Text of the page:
Sales Income for Drugs have Exceeded Risk Adjusted R & D Costs

I have been beating the drum for transparency of cost information before granting exclusivity for drugs via patents. With a patent, companies can charge what the market  will bear and have demonstrated they will do so on particular drugs such as insulin, Vimovo, EpiPens, etc. as well as other drugs identified in recent papers on Drug Pricing also. The following chart depicts cancer drug Sales Income as it relates to R & D Costs. It is an example of how quickly R & D costs can be recouped for Cancer drugs with the median being 2 to 5 years.

To get to the point quickly,  of the 156 US FDA-approved cancer medicines identified, 99 had data for more than half of the years since approval and were included in the WHO (Page 23) analysis. Total sales from this set of medicines (US$ 106.9 billion) represent 80.4% of the estimated global revenue of cancer medicines in 2017 (US$ 133 billion). At the end of 2017, forty-nine (49.5%) of the cancer drugs had cumulative sales of over US$ 5.0 billion and at the end of 2017, five drugs had accrued sales incomes of greater than US$ 50 billion for the originator companies: rituximab (US$93.7 billion), trastuzumab (US$ 88.2 billion), bevacizumab (US$ 83.4 billion), pegfilgrastim (US$ 64.0 billion), imatinib (US$ 63.8 billion) (Fig. 3.5, p.26). Pricing of Cancer Medicines and Its Impacts Technical Report.

The median time to generate revenue to fully cover risk-adjusted R&D cost of US $794 million was 3 years (range: 2 years; 5 years, n=73). For the maximum estimated risk-adjusted cost of R&D (US$ 2.827 Bn), the time to cost recovery was 5 years (range: 2 years; 10 years, n=56).  A threshold analysis found that 99% of the 45 cancer medicines with sales data for 10 years from their first year of launch had generated incomes sufficient to at least offset the risk-adjusted R&D costs irrespective of the assumed threshold values for R&D costs (Fig. 3.4). (page 24 25)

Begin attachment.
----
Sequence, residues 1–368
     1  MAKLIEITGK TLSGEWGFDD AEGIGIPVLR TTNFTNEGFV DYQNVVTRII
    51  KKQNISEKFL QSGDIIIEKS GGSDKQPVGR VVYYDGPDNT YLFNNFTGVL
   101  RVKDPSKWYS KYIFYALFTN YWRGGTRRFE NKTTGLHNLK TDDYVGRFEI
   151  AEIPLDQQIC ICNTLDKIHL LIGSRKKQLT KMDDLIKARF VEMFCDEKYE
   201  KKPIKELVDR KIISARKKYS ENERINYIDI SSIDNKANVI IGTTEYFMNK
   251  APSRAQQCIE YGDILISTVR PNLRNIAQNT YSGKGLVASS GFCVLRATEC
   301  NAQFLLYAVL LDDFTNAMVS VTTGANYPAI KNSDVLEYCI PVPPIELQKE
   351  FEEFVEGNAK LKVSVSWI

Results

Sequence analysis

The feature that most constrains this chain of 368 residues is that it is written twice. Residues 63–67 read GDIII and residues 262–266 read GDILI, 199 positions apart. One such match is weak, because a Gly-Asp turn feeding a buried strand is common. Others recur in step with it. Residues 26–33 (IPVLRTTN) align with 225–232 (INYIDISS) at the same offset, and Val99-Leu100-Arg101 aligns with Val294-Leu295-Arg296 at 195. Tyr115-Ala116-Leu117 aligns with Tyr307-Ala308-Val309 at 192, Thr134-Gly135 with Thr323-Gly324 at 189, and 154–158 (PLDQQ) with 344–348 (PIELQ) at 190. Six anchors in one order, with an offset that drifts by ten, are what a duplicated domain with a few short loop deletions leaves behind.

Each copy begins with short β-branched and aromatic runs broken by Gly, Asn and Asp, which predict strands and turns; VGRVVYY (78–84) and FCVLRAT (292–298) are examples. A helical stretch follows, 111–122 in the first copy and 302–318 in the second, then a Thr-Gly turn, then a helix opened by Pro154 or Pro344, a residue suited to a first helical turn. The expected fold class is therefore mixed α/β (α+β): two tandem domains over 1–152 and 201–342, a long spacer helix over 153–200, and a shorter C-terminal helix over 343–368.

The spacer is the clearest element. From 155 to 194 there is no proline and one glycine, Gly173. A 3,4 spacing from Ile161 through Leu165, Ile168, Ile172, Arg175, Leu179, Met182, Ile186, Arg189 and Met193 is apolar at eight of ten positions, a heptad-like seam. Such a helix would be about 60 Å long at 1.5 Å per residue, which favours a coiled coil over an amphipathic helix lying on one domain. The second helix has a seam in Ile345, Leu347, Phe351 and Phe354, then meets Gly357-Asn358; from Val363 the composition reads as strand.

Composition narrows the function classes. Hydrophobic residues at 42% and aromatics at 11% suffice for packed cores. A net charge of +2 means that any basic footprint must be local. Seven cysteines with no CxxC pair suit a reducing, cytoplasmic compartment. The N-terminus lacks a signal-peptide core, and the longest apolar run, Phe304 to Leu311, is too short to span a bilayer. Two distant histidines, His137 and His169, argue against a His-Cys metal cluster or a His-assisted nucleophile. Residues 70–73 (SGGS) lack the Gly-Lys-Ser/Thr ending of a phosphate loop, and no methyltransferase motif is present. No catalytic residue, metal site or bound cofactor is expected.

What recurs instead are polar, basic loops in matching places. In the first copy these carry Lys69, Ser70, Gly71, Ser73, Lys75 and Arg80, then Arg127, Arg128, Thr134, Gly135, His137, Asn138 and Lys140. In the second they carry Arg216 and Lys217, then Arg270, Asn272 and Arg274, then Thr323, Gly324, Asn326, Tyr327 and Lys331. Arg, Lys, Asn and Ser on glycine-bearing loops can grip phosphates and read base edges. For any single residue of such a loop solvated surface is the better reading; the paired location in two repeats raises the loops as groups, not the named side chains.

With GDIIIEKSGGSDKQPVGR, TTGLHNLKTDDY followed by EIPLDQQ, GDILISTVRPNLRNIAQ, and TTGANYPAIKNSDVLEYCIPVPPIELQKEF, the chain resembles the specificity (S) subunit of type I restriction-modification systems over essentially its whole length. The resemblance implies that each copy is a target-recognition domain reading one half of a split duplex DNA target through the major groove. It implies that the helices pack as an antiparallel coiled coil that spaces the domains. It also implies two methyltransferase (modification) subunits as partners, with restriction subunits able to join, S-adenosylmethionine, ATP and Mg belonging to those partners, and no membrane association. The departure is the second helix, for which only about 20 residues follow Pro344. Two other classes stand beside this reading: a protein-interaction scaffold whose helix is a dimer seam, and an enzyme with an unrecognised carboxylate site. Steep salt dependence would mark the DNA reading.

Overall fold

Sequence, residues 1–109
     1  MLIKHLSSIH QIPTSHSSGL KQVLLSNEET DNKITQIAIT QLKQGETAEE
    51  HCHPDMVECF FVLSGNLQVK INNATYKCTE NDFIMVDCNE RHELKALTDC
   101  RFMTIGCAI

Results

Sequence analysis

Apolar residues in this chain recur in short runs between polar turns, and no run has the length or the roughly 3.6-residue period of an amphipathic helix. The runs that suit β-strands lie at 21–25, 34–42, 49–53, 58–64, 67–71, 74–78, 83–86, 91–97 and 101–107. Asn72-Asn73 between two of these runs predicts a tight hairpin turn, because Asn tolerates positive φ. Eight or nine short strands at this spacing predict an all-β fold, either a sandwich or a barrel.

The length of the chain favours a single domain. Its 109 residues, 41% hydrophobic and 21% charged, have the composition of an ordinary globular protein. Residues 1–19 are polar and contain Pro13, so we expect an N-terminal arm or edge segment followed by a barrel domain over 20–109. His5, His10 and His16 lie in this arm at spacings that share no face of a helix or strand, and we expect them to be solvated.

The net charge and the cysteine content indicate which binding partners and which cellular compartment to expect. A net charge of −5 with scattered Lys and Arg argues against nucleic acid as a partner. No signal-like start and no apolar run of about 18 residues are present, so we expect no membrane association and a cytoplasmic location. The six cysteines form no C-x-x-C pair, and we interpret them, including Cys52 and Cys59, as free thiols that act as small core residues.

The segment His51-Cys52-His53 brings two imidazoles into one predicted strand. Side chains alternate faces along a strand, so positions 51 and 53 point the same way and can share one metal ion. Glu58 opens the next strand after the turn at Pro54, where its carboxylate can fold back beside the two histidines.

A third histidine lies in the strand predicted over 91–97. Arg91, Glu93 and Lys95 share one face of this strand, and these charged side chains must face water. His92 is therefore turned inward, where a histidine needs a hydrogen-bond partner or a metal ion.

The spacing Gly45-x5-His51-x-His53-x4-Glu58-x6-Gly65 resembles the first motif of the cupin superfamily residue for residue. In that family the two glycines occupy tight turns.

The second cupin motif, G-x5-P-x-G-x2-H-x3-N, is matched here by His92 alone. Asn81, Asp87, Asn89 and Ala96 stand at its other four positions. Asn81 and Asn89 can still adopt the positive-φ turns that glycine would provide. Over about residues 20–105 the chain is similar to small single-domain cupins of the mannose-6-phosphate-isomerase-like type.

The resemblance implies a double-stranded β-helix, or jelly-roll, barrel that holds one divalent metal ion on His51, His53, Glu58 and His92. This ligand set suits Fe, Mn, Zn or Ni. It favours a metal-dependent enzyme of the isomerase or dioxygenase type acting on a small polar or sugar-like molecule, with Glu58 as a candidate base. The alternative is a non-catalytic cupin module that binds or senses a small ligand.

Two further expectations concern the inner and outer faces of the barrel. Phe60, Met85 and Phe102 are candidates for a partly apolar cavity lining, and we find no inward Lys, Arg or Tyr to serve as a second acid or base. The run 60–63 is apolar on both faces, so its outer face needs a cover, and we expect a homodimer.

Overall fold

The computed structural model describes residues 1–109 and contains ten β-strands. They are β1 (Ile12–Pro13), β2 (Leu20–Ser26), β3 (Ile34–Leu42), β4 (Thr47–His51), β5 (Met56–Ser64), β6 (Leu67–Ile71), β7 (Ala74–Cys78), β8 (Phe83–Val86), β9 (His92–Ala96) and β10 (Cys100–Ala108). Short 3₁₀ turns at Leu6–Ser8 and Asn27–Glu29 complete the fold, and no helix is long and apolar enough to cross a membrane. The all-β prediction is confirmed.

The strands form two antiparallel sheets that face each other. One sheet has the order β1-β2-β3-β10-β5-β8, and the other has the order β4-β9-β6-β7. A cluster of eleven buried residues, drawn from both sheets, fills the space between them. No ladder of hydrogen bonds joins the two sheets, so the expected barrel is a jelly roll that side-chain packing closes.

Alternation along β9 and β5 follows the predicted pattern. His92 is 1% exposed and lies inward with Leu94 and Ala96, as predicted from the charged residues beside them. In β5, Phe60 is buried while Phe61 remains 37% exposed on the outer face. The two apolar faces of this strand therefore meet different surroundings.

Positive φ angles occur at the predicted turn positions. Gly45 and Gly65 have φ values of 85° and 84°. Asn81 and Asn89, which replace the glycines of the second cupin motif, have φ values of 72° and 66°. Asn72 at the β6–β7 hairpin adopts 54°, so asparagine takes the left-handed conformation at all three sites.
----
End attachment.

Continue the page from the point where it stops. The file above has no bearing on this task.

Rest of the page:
Past the Leap, Trends in Prices of Popular Brand-Name Prescription Drugs and why You can not Negotiate Blind Folded

Trends in Prices of Popular Brand-Name Prescription Drugs in the United States, JAMA Network Open, May 2019:

“substantial cost increases among these drugs was experienced within the inclusion parameters with a 76% median cost increase, and 48 of the drugs had regular annual or biannual price increases.

Thirty-six of the 49 drugs were available since 2012. Twenty-eight had experienced an increase in insurer and out-of-pocket costs exceeding 50% and 16 more than doubled in price. Insulins such as Novolog, Humalog, and Lantus and tumor necrosis factor inhibitors such as Humira and Enbrel experienced highly correlated price increases coinciding with some of the largest growth in drug costs.

The results of the study revealed the median sum of out-of-pocket and insurance costs paid by patients or insurers for common prescriptions and presented both annually and monthly.
Pricing increases for 13 new drugs from January 2015 through December 2017) and entering the market in the last 3 to 6 years was not different than those (36) having been on the market longer, a 29% increase [median] from January 2015 through December 2017.

Unsupported Price Increase Report, ICER, Institute for Clinical and Economic Review, October 2019:

Institute for Clinical and Economic Review usually looks at new drugs , analyzes them, and gives a recommendation as to the value of the drug to society and give a price according to the value. Recently the ICE in the Unsupported Price Increase Report compared the percentage increases as shown by the Wholesale Acquisition Cost (WAC – second Column or the top 9 ) to the increase of twice the Medical Care Consumer Price Index  (7.32%) over the same period and excluded those drugs with a WAC increase less than 7.32% . . . two times the increase in Medical Care CPI over the same period. The Medical Care CPI is one of eight major components of the CPI recorded and reported by the US Bureau of Labor Statistics.